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עמוד בית
Sat, 02.03.24

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May 2023
Yaniv Zager MD, Yuri Goldes MD, Dan Assaf MD, Nadav Zilka MD, Roi Anteby MD, Yehonatan Nevo MD, Liran Barda MD, Avinoam Nevler MD

Background: The neutrophil to lymphocyte ratio (NLR) has demonstrated prognostic value in various malignant conditions, including gastric adenocarcinoma. However, chemotherapy may affect NLR.

Objectives: To evaluate the prognostic value of NLR as an accessory decision-making tool in terms of operating patients after neoadjuvant chemotherapy in patients with resectable gastric cancer.

Methods: We collected oncologic, perioperative, and survival data of patients with gastric adenocarcinoma who underwent curative intent gastrectomy and D2 lymphadenectomy between 2009 and 2016. The NLR was calculated from preoperative laboratory tests and classified as high (> 4) and low (≤ 4). The t-test, chi-square, Kaplan-Meier analysis, and Cox multivariate regression models were used to assess associations of clinical, histologic, and hematological variables with survival.

Results: For 124 patients the median follow-up was 23 months (range 1–88). High NLR was associated with greater rate of local complication (r=0.268, P < 0.01). The rate of major complications (Clavien-Dindo ≥ 3) was higher in the high NLR group (28% vs. 9%, P = 0.022). Among the 53 patients who received neoadjuvant chemotherapy, those with low NLR had significantly improved disease-free survival (DFS) (49.7 vs. 27.7 months, P = 0.025). Low NLR was not significantly associated with overall survival (mean survival, 51.2 vs. 42.3 months, P = 0.19). Multivariate regression identified NLR group (P = 0.013), male gender (P = 0.04), and body mass index (P = 0.026) as independently associated with DFS.

Conclusions: Among gastric cancer patients planned for curative intent surgery who underwent neoadjuvant chemotherapy, NLR may have prognostic value, particularly regarding DFS and postoperative complications.

February 2022
Itay Zoarets MD, Yehonatan Nevo MD, Chaya Schwartz MD, Moti Cordoba BSc, Udi Shapira BSc, Motti Gutman MD FACS, and Oded Zmora MD FACS FASCRS

Background: Pilonidal sinus is a chronic, inflammatory condition. Controversy exists regarding the best surgical  management for pilonidal sinus, including the extent of excision and type of closure of the surgical wound.

Objectives: To assess the short- and long-term outcomes and success rate of the trephine procedure for the treatment of pilonidal sinus.

Method: A retrospective observational cohort study was conducted at a single center. Patients who underwent trephine procedure between 2011 and 2015 were included. Data collection included medical records review and a telephone interview to establish long-term follow-up.

Results: A total of 169 patients underwent the trephine technique for the repair of pilonidal sinus. Follow-up included 113 patients, median age 20 years. Initial postoperative period, 35.6% recalled no pain and 58.6% reported a mild to moderate pain. Postoperative complications included local infection (7.5%) and mild bleeding (15.1%). On early postoperative follow-up, 47.1% recalled no impairment in quality of life, and 25%, 21.2 %, and 6.7% had mild, moderate and sever disturbance respectively. The median time to return to work or school was 10 days. At a median follow-up of 29 months (IQR 19–40), recurrence rate was 45.1% (51/113), and 38 (33.9%) of the patients underwent another surgical procedure. Overweight, smoking, and family history were associated with higher recurrence rate.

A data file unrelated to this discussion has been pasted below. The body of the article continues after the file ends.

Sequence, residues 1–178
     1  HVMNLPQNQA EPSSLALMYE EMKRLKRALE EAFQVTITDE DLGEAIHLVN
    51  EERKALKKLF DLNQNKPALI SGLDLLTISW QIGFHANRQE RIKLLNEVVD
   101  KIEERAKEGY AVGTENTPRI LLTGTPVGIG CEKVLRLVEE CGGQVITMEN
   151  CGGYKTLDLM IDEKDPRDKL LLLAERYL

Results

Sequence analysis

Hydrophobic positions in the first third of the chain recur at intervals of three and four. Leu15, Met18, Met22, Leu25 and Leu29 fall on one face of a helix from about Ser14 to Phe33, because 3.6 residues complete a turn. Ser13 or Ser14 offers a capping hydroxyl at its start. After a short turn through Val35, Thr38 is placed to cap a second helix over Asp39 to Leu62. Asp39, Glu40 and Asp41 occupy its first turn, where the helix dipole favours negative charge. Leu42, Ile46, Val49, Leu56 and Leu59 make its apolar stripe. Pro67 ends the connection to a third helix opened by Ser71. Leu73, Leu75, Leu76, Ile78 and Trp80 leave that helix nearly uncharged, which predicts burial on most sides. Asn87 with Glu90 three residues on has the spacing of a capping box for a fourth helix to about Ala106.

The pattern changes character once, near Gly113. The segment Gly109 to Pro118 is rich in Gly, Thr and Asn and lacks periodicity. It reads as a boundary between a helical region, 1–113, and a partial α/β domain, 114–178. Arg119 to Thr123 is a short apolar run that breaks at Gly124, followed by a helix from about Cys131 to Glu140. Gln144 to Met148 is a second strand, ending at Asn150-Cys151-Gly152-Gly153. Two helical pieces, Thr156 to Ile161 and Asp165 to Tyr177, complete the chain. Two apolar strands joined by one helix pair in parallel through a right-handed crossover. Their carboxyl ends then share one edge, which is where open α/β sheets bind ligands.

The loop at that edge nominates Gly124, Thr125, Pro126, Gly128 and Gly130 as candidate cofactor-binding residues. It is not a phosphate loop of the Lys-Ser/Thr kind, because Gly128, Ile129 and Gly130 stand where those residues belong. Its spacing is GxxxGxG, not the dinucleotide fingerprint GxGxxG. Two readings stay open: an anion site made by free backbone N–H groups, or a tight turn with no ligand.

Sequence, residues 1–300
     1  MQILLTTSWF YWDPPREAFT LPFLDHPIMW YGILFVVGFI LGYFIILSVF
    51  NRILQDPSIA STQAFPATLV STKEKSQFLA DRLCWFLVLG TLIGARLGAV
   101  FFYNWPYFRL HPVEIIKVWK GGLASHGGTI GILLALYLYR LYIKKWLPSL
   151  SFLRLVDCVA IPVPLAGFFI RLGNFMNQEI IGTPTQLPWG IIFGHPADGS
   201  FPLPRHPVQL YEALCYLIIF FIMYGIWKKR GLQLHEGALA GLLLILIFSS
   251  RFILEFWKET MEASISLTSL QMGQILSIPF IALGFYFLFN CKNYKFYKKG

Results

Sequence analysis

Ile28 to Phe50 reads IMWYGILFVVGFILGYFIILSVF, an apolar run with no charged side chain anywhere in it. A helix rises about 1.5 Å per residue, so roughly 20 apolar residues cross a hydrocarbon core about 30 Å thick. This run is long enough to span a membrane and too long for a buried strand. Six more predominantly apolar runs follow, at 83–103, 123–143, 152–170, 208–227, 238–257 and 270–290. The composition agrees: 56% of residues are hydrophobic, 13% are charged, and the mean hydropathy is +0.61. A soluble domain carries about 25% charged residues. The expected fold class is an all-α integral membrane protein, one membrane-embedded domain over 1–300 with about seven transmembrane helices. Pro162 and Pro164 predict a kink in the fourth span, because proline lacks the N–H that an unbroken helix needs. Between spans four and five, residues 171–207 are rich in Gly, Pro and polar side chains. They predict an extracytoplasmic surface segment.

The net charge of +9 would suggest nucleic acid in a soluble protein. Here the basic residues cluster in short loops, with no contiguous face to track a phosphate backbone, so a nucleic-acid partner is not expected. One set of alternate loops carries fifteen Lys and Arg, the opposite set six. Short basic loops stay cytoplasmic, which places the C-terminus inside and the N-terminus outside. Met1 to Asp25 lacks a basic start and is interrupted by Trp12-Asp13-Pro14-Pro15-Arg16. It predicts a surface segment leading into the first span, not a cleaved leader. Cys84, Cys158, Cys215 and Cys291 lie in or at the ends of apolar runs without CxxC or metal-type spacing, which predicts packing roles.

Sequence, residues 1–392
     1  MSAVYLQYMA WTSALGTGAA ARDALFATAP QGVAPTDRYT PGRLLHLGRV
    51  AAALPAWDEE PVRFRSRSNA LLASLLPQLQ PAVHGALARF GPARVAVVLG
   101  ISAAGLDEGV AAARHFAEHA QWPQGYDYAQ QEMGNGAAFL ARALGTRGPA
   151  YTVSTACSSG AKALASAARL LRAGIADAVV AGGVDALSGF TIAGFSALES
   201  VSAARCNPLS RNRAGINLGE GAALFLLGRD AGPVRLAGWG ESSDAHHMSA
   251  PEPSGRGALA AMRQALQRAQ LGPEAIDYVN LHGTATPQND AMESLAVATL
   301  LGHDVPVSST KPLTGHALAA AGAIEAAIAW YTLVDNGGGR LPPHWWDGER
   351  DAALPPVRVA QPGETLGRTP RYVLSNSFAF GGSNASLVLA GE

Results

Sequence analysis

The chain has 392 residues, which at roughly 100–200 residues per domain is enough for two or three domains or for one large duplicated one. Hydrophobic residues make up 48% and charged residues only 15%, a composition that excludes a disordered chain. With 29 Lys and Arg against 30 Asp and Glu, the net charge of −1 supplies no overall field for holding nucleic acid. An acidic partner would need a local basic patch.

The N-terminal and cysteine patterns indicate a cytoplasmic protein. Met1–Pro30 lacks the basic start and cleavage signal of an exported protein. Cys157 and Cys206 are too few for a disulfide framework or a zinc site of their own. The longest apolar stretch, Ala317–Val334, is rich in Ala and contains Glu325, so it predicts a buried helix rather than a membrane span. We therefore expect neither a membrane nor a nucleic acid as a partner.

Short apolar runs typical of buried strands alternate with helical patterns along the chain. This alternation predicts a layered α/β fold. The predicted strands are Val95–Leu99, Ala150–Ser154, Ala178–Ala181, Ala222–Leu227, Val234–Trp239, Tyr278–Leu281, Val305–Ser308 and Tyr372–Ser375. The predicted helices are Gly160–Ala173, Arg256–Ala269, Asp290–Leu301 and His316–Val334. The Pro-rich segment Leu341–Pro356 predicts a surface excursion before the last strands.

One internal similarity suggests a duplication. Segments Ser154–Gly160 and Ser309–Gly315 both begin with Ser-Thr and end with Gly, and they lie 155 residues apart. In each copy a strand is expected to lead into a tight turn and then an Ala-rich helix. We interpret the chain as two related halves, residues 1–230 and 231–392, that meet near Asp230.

Conclusion: The trephines technique has a significant long-term recurrence rate. Short-term advantages include low morbidity, enhanced recovery, and minimal to mild postoperative impairment to quality of life. The trephine procedure may be justified as a first treatment of pilonidal disease

May 2018
Yehonatan Nevo MD, Yuri Goldes MD, Liran Barda MD, Roy Nadler MD, Mordechai Gutman MD and Avinoam Nevler MD

Background: Recent studies have analyzed risk factors associated with complications after gastric cancer surgery using the Clavien-Dindo classification (CD). However, they have been based on Asian population cohorts (Chinese, Japanese, Korean).

Objectives: To prospectively analyze all post-gastrectomy complications according to severity using CD classification and identify postoperative risk factors and complications.

Methods: We analyzed all gastrectomies for gastric cancer performed 2009–2014. Recorded parameters included demographic data, existing co-morbidities, neo-adjuvant treatment, intra-operative findings, postoperative course, and histologic findings. Postoperative complications were graded using CD classification.

Results: The study comprised 112 patients who underwent gastrectomy. Mean age was 64.8 ± 12.8 years; 53 patients (47%) underwent gastrectomy, 37 (34%) total gastrectomy, and 22 (19%) total extended gastrectomy. All patients had D2 lymphadenectomy. The average number of retrieved lymph nodes was 35 ± 17. Severe complication rate (≥ IIIa) was 14% and mortality rate was 1.8%. In a univariate analysis, age > 65 years; ASA 3 or higher; chronic renal failure; multi-organ resection; and tumor, node, and metastases (TNM) stage ≥ IIIc were found to be significantly associated with CD complication grade > III (P = 0.01, P = 0.05, P = 0.04, P = 0.04, and P = 0.01, respectively). Multivariate regression analysis revealed advanced stage (≥ IIIc) and age > 65 years to be significant independent risk factors (P < 0.05).

Conclusions: Age > 65 and advanced stage (≥ IIIc) were the primary risk factors for complications of grade > III according to the CD classification following gastrectomy for gastric cancer.

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